One of the challenges of working at home is getting work done while caring for your children. It’s best to get as much work done as possible while children are sleeping, but that’s not always possible. With a toddler who almost never naps, I feel your pain. If you need to keep the kiddos busy while you tackle some work, here are some tips and tricks to help.
Set up a desk or table beside yours.
Children want to be near adults, and are often curious about what adults are doing. As a work at home mom, that can mean a lot of interruptions just to have your child asking, “Mom, whatcha doing?” Help him see what you do (and be close to you) by setting up a table or desk by yours. This is also a great place for your child to work on activities.
Provide structured activities.
Speaking of activities, they do need to be structured when you have a toddler or preschooler. Allowing free play—for me at least—has been disastrous in the past. Structured activities help young children focus and be productive. They’ll also enjoy doing some “work” just like Mommy.
Some ideas for structured activities include:
- Painting with watercolors (keep a towel underneath to minimize cleanup)
- Drawing or coloring
- Crayon rubbing activities
- Sorting bears
- Mr. Potato Head (or blocks or other “building” toys)
- Sensory bin activities
Use a timer (Pomodoro Technique).
To help your child be patient while you work, she needs to know that the work will end eventually. Setting a timer (using the Pomodoro Technique) works because it provides your child with an audible cue that you’re now free for uninterrupted interaction. When I first started using the technique, I’d have to set it for 5-10 minutes, because my son couldn’t focus longer than that. I can now set it for 20-25 minutes.
For the next segment of time (or Pomodoro), spend time with your children, work on your chores or participate in your normal routine. Yes, it makes work a little disjointed, but it’s a good compromise. It allows you to tackle some work and spend quality time with the kids, too.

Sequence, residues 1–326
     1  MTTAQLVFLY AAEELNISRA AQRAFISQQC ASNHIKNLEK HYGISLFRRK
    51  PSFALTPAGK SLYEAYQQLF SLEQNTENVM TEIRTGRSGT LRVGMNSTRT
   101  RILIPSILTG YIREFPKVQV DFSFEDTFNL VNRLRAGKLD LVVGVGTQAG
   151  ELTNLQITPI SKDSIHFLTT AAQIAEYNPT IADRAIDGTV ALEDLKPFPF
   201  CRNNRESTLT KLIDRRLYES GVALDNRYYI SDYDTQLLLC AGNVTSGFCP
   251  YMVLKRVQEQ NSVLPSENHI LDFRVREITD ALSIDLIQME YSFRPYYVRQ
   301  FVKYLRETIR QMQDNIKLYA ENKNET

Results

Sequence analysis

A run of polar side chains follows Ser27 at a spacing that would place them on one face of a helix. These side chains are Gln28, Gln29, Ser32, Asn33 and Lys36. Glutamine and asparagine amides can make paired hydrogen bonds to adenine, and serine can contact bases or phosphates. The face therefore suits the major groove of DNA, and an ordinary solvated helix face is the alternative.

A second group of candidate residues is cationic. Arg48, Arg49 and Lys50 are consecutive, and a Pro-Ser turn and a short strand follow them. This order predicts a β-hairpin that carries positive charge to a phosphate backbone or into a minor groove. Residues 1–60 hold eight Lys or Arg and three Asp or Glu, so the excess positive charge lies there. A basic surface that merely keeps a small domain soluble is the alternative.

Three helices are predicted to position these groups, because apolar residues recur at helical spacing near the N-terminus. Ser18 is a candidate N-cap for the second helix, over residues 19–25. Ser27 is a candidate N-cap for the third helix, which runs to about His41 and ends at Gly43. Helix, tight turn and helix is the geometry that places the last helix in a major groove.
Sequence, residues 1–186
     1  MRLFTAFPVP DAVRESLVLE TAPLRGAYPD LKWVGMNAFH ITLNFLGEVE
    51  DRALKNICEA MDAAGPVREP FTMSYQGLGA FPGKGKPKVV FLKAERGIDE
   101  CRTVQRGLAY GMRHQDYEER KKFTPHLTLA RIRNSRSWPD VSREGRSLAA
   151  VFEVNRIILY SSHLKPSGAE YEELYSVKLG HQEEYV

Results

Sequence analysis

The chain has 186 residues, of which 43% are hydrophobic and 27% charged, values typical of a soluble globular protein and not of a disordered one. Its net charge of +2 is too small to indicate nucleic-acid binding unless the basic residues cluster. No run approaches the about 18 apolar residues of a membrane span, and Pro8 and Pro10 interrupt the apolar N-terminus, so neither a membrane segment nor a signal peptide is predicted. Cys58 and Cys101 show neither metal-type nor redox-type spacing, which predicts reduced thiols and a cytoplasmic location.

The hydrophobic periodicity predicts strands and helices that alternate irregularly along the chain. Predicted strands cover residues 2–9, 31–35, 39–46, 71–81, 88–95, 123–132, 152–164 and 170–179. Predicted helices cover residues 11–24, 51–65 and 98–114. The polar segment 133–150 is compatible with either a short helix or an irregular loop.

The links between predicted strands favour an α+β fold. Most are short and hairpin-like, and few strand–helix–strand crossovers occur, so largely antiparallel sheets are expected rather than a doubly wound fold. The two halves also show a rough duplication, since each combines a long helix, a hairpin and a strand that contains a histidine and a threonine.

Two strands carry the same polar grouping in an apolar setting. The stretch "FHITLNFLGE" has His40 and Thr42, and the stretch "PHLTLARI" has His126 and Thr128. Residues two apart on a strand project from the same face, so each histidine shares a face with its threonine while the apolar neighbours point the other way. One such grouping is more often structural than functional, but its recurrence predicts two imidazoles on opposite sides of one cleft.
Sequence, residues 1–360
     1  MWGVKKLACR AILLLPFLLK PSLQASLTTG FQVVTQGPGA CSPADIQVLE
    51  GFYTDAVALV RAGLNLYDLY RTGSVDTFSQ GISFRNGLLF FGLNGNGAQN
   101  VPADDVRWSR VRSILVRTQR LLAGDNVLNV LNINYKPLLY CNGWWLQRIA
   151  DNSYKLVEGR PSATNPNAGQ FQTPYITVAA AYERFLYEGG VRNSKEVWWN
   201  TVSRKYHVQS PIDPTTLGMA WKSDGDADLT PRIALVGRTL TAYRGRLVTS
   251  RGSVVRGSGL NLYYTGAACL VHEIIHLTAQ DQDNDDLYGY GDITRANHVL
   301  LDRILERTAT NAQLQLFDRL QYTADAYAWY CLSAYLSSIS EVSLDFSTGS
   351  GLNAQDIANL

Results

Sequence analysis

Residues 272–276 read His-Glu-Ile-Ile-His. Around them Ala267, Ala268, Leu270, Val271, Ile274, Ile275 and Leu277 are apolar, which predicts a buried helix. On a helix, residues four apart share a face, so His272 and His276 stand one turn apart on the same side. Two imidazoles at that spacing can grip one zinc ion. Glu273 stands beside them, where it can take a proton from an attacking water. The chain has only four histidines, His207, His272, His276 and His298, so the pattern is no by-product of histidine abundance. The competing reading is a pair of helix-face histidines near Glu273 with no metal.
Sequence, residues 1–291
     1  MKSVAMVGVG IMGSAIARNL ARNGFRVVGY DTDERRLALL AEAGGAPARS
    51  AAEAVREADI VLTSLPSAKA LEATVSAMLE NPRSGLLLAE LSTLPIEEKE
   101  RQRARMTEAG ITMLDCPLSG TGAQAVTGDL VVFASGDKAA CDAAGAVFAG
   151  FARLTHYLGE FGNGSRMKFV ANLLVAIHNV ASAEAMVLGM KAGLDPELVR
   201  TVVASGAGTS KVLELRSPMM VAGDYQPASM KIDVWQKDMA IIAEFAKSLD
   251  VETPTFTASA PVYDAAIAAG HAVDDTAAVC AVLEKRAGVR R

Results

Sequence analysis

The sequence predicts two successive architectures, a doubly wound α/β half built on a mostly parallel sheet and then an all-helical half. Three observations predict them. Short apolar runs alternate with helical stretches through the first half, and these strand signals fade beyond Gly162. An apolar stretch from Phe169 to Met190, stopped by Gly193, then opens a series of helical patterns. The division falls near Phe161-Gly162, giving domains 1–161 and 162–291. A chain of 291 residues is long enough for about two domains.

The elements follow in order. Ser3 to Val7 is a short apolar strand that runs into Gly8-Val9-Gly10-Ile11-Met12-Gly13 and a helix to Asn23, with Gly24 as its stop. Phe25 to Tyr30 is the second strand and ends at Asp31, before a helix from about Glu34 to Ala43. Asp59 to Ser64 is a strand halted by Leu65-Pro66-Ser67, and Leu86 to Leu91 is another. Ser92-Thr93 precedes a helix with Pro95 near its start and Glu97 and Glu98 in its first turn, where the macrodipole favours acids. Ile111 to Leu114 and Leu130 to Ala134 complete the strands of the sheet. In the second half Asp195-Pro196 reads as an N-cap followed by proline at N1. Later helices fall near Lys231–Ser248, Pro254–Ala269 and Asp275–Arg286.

Your child must know, of course, that he or she can interrupt in case of an emergency (he’s hurt, someone’s at the door, etc.). I prefer to keep my child in the same room while I work—a little distracting, yes, but at least I know he’s not getting into something he shouldn’t.
Rotate toys to maintain interest.
If you choose to allow free play while you work, rotating toys can be a huge help in keeping your child interested. You can have toy bins for different days of the week, or put the toy box in a secure location, bringing out one toy at a time throughout the day for your child to enjoy.
Keep the television turned off.
Some people say that they work better with the noise of the television in the background, but that’s not the case for most people. White noise can help you focus, but noise that contains words or audible conversation pulls your mind in two different directions. Even children interested in a certain toy experience a 25% drop in focus when the television is on. Anyway, keeping the television off is better for both you and the kids. Don’t get me wrong—I do allow screen time for a little while each day. I just prefer not to do it while I’m working.
Finally, if you can’t get any work done despite these tips, you may just need to chalk it up to a family day. Everyone needs a little undivided attention now and then.
Need more time management and productivity tips? Check out this post on How to Get Things Done (Even When You Don’t Feel Like It).